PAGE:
So I guess the Moscow City Council IS that fanatical. The war is on. Don't you love how outside interests (union lawyers, the Moscow City Council) are trying to control our economic growth and development? Time to get mad Pullman.
A few dozen left-wing activists in both towns are setting the agenda. So instead of cooperation, we now have controversy. Instead of quality of life, we now have division. And all because a bunch of snobby eggheads read a book by Al Norman, or surfed the Wal-Mart Watch web site, or watched a union-funded propaganda movie, or attended a lecture on "smart growth". They won't be happy until they have chased every off every new business thinking of moving to the Palouse.
From today's Lewiston Tribune:
By DAVID JOHNSONIt's appropriate these appeals were filed on the same day, as PARD and the Moscow City Council are ideological birds of a feather. It's also appropriate that both appeals were filed in Colfax. Colfax is where both of these little socialist Napoleons will meet their Waterloo.
of the Tribune
COLFAX -- Two retail development appeals were filed here Friday, one aimed at a proposed shopping center adjacent to Moscow, and the second targeting construction of a Wal-Mart Supercenter in Pullman.
The city of Moscow filed an appeal with the Whitman County Commission challenging county planner Mark Bordsen's decision approving a shopping center on the Idaho-Washington border.
Meanwhile, members of a group called the Pullman Alliance for Responsible Development (PARD) filed an appeal in Whitman County Superior Court requesting reversal of a city decision allowing a Wal-Mart Supercenter on Bishop Boulevard.
Shopping center appeal:
Moscow city supervisor Gary Riedner said Friday the city's appeal of a proposed shopping center just over the border in Whitman County is not an attempt to stop the development. He said the appeal, however, addresses serious environmental concerns that demand attention.
Mark Bordsen, planning director for Whitman County, declined comment on the appeal. But he said earlier that he stands by his determination that the proposed shopping center, possibly anchored by a Lowe's home improvement center and two other big-box stores, poses no significant environmental threat.
The appeal, filed for Moscow by Spokane attorney Peter G. Scott, is eight pages long and addresses 10 areas that, according to the document, lack thorough analysis. The areas include transportation, air quality, odor [odor?], water resources, wetlands, water quality, construction impacts, storm water, land use, and emergency services.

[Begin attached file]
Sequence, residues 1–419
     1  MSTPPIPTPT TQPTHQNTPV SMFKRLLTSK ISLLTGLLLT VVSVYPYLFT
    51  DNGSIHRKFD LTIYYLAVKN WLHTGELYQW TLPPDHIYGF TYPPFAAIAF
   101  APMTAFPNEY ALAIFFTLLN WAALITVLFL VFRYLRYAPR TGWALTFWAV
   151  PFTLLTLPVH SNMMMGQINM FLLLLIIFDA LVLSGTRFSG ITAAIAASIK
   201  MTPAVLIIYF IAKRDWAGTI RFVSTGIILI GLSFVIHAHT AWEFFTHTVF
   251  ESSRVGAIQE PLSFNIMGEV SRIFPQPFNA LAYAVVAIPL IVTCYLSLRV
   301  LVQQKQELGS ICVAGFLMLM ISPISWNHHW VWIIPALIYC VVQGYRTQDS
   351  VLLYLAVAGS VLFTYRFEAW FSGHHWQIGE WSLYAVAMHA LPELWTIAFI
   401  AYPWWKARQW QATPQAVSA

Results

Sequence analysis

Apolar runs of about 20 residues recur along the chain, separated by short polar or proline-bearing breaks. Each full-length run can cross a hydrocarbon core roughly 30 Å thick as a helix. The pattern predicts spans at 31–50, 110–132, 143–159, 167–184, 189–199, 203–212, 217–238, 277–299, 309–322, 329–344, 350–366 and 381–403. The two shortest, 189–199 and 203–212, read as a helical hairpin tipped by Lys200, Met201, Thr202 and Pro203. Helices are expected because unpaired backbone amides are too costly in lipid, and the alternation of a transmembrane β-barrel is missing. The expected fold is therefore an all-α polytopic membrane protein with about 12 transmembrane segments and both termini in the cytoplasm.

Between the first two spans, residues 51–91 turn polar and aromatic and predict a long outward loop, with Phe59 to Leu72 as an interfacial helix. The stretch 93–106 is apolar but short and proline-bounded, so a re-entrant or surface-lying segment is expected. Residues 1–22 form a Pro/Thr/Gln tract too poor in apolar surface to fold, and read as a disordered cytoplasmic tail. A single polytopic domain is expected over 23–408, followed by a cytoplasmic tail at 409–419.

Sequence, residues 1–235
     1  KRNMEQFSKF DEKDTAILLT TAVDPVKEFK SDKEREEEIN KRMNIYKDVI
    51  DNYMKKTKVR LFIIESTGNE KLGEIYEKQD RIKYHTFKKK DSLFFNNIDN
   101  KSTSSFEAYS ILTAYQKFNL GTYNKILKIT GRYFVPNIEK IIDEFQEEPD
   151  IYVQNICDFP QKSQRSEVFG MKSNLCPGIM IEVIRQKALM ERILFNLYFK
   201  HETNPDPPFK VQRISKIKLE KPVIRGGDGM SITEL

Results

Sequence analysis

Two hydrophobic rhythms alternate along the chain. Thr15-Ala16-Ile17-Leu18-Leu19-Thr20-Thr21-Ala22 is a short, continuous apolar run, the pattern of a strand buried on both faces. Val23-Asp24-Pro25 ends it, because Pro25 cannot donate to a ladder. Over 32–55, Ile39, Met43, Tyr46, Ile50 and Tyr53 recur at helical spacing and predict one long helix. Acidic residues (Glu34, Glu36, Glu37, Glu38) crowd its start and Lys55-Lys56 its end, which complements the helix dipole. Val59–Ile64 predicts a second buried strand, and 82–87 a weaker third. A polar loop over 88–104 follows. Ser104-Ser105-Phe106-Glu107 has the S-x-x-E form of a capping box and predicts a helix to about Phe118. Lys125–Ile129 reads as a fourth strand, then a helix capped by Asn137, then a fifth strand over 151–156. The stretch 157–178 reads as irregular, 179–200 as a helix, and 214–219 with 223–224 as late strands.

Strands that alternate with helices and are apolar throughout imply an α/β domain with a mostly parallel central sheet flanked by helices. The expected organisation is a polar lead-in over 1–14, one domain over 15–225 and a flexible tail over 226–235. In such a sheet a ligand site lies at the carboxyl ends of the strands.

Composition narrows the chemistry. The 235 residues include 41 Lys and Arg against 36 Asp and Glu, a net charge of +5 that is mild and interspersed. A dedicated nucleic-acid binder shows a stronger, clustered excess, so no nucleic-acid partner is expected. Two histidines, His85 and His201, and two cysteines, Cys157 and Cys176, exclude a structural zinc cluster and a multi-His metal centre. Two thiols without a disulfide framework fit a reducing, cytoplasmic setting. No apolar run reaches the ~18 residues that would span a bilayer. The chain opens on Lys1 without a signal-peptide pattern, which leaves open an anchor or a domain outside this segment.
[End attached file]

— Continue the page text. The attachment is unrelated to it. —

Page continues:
"In sum, the county did not undertake the analysis required to make a determination that the proposed commercial development can be mitigated so that it will not have significant adverse environmental impacts," the appeal reads.
The document echoes a letter of concern mailed to Whitman County officials recently by Moscow Mayor Nancy Chaney. The letter was one of 11 sent by various people and entities expressing concerns. Three Pullman officials were among those who sent letters. Moscow, however, was the only entity to follow through with an appeal by Friday's 2:30 p.m. deadline.
Moscow's appeal is filed under authority of Washington's State Environmental Policy Act (SEPA).
Bordsen initially issued a mitigated determination of non-significance for the shopping center proposal. The only conditions he placed on construction addressed the need for a traffic study prior to business occupancy, and wetland mitigations if necessary.
The shopping center is being proposed by Hawkins Companies, a Boise-based development company. According to a conceptual drawing, the complex would be built on 110 acres adjacent to Highway 270 and provide more than 600,000 square feet of retail store space.
A hearing date for the Moscow appeal before the three Whitman County commissioners had not been set as of Friday.
PARD members made good on their announcement earlier in the week by filing a 20-page appeal against the city of Pullman, S&W Land Company and the Spokane-based CLC Associates development company.
"The super center will have a myriad of negative impacts upon the surrounding community and residents that have not been addressed or mitigated by Wal-Mart or the City of Pullman," the appeal reads.
The document lists more than 20 purported errors or failures allegedly made by a hearing examiner who heard more than three days of testimony on an earlier PARD appeal. The examiner, in essence [in essence?], ruled against PARD by leaving the Wal-Mart development avenue open as long as a few traffic conditions and other minor considerations were addressed.
"Addressing PARD's issues (or failing to address them) in this way is inconsistent with the above standards and PARD's constitutional and due process right to a meaningful hearing," the appeal contends.
Among other things, PARD requests that the court issue orders that would reverse the SEPA determination of non-significance, require preparation of an environmental impact statement and void the site plan for the Wal-Mart project. The document also request that attorney fees and costs be awarded to PARD. [I pray the city asks for the same thing to cover taxpayer expenses for this worthless boondoggle]